Guest posting by Frances Rankine, Curator, Word & Image Department
‘I was fortunate enough to be in the Daiwa Foundation gallery on my own when I went to see Sian’s exhibition for a second time. The objects were hung in a lovely sunny room and it added to the wonderful sense of stillness and quiet that the images bring to me.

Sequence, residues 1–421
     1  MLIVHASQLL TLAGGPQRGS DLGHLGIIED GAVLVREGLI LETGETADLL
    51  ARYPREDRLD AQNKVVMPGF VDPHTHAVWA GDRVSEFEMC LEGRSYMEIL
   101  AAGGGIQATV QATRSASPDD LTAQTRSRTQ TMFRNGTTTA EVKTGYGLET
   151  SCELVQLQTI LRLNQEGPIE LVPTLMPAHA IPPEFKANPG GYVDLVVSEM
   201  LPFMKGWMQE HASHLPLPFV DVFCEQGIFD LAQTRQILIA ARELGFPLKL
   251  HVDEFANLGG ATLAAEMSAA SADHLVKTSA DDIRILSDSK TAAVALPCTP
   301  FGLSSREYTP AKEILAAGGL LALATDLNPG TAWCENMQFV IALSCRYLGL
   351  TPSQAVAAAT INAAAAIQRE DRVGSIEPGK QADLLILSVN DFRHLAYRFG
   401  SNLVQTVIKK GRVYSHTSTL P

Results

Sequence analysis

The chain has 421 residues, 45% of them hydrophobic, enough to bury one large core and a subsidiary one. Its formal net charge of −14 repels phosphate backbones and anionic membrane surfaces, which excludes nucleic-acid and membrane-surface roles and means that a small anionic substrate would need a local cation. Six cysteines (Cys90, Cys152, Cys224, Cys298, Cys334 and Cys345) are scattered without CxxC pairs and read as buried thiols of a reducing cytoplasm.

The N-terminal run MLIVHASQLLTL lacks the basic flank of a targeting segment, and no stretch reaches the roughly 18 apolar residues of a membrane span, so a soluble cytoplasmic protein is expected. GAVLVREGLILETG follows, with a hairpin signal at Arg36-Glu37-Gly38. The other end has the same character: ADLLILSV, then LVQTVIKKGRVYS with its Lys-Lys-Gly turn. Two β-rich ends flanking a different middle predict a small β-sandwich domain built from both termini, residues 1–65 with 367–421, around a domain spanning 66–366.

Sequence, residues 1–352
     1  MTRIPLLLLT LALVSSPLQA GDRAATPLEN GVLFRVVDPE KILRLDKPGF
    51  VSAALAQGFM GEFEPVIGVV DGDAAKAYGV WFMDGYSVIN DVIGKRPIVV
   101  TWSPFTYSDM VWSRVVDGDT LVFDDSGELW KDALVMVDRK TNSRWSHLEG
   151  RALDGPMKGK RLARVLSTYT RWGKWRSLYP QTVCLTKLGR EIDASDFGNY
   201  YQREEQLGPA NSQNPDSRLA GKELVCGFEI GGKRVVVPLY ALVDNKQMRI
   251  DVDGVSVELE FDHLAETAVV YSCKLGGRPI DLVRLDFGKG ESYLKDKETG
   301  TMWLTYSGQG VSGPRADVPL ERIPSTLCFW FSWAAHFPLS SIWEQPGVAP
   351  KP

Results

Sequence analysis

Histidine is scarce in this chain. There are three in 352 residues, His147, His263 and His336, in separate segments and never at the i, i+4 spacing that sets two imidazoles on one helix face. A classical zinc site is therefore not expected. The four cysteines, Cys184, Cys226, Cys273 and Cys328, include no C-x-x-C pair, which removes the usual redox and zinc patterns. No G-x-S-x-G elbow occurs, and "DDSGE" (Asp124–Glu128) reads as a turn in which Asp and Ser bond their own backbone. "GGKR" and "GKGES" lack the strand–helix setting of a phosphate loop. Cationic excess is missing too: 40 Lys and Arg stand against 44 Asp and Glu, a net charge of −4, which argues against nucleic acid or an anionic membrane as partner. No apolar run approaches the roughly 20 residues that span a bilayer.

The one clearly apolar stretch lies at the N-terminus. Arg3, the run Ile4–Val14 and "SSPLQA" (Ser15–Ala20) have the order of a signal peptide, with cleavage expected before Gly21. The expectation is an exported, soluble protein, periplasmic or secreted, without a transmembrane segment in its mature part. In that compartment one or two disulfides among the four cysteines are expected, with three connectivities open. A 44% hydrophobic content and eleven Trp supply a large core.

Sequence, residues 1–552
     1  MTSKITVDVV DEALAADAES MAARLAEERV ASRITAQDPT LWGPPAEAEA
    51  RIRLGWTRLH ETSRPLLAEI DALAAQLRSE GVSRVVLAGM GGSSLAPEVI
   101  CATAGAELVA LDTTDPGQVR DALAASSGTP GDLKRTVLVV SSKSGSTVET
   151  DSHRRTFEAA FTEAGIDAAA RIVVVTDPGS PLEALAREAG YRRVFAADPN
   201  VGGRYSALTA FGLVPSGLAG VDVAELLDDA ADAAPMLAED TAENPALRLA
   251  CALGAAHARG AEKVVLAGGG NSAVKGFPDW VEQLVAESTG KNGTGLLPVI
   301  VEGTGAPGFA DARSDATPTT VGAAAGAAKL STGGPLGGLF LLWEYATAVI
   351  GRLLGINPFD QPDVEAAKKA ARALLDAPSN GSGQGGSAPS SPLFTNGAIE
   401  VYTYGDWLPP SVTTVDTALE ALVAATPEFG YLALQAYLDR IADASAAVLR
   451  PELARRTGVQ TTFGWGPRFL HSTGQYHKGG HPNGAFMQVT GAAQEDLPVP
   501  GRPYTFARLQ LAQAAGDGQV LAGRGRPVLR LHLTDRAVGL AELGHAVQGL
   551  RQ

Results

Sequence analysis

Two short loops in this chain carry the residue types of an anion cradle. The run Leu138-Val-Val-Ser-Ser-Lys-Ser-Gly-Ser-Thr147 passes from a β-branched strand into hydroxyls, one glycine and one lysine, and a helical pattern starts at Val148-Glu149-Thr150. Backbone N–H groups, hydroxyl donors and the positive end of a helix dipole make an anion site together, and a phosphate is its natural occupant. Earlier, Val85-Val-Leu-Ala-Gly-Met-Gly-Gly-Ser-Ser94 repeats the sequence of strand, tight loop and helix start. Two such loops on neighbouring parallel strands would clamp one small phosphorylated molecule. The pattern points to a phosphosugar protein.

When I sat down to write my contribution to Sian’s blog I was re-reading Tim Travis’ essay in the exhibition publication ‘Of Dust’. Up until then I had puzzled over something that I couldn’t quite put my finger on with the images and then I saw the words ‘submarine twilight’ and it came to me that the images of the tea house models are like submerged, underwater buildings. The images strike me as being very quiet and mysterious, rather distant, abandoned spaces frozen in time. Sian’s use of the lacquered surface and the process of dusting the image with pure silver or gold powder to bring out the image on the paper seems to me to contribute to this effect of depth and ‘wateriness’. Although the process is very two dimensional it has produced this very deep, three dimensional effect. I get a real sense of looking down, and rather than the images registering as small and intimate, they produce almost the opposite effect on me – I experience them rather as something large being seen from afar – they have a kind of monumental quality that is disorientating. They also have an ‘Alice Through the Looking Glass’ effect which gives you the impression that you could dive into the pieces and be in a very different and safe place, which takes me back to the idea of ‘sanctuary’ as a place of safety and refuge, a place which is enclosing and protective. The mirror effect the lacquer produces also harks back to Sian’s preoccupation in her exhibition ‘Gaze’ with reflections and the sense of distancing but at the same time beckoning. There is feeling that one wants to be drawn into the spaces but the mirror-like surface keeps one at a distance.’